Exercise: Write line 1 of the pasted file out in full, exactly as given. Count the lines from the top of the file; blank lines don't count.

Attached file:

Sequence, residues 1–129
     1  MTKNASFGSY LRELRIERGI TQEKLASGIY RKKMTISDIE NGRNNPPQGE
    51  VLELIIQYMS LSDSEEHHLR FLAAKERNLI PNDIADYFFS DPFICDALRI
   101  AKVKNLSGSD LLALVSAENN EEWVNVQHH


Sequence, residues 1–129